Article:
The results of the second round resulted in a historic record of seats for the RN and an even greater polarisation of political life within the National Assembly itself.
Emmanuel Macron’s success validates a strategy aimed at making him appear as the champion of the “progressives”, but it has only partially worked.
The first round of the French presidential elections leaves the country’s party system in tatters and voters divided along three poles. What will happen in the second round is now anyone’s guess.
The dynamics of the “strategic vote” in France have amplified the restructuring of the political field around three major poles: centrist, identitarian and far left.
While many progressive movements have organised online, conservatives dominate because of better organisation, capital, and social inequality. France’s presidential elections are a case in point.
Under fire for her past Russian links, Marine Le Pen may still be within reach of the second round of the French presidential elections thanks to her left-leaning economic agenda.
The “rally round the flag” phenomenon has been an important fixture of political science. Will voter anxiety over war in Ukraine give president candidate Macron a definitive boost?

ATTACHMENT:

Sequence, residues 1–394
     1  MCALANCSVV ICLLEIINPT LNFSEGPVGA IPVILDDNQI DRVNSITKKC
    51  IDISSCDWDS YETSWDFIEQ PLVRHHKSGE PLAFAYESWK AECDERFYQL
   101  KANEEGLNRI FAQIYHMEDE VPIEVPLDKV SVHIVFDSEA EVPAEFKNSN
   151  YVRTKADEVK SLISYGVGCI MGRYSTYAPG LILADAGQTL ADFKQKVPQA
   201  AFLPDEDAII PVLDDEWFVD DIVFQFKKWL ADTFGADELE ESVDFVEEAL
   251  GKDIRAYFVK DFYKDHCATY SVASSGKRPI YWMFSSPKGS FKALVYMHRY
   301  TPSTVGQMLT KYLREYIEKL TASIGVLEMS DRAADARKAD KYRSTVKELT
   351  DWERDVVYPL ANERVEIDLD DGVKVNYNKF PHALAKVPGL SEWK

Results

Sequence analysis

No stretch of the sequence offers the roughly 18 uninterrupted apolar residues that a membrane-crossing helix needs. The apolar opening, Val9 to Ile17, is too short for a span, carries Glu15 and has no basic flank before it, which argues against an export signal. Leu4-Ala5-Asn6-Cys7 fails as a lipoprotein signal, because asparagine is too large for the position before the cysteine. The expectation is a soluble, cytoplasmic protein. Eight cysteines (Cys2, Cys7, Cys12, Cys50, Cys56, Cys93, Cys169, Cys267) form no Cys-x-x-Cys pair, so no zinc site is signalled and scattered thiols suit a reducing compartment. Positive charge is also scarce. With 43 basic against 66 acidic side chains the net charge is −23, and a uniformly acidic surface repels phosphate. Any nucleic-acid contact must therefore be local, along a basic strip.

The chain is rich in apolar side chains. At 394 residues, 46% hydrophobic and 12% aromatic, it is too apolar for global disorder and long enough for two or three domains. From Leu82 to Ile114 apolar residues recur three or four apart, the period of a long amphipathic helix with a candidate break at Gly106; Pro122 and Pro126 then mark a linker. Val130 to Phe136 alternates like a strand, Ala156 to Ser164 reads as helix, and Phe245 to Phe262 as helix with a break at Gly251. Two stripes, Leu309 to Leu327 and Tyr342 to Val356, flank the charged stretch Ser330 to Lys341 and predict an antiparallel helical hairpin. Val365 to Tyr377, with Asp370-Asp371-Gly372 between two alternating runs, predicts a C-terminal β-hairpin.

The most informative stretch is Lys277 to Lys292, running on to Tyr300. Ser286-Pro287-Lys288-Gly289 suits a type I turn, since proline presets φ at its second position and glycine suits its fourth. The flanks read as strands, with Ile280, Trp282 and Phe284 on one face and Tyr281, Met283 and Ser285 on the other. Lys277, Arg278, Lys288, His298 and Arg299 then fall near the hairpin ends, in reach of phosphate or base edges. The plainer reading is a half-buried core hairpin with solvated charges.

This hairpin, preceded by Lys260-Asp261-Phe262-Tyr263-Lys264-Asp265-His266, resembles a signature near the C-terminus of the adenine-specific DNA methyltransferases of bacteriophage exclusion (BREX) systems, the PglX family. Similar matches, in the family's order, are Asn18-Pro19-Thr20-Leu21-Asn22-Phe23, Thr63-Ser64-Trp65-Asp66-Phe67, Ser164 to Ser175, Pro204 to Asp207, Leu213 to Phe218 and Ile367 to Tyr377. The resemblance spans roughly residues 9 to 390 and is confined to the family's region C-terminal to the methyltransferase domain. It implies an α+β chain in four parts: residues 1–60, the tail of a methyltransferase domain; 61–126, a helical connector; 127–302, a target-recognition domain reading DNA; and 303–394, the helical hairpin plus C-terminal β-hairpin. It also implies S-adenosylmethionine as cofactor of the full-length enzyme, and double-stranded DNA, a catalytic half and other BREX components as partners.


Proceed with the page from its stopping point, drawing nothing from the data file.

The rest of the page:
Sky-high abstention rates reveal the weakness of Emmanuel Macron’s political project.
Many French voters seems willing to give the new president and his party, La République en Marche, a broad mandate, even if they didn’t initially support him.
Emmanuel Macron may have won the presidential election, but his agenda could fail if his party doesn’t get a majority in Parliament.
Marine Le Pen and Emmanuel Macron went head-to-head in the final debate before the second round of voting on May 7.
France seems more divided than ever going into the run-off vote between Emmanuel Macron and Marine Le Pen on May 7.
When Jean-Marie Le Pen made it to the second round in 2002, France was in a very different mood.
The prospect of a Marine Le Pen victory has financial markets spooked. For good reason.
With just 6% of the vote, the French socialist party of outgoing president François Hollande came a distant fifth in the French election.
Marine Le Pen of the far right National Front and independent Emmanuel Macron advance to the runoff on May 7.
Le Pen and Macron offer two totally different visions for France’s future and its relationship to Europe.
After a historic battle, we now know that one of two people will be the next president of France.
The killing of a policeman in a terror attack has heightened tensions as France chooses its next president.
Europe has had a number of important elections over the past year, but for the EU none is as significant – or as potentially grave – as France’s upcoming presidential election.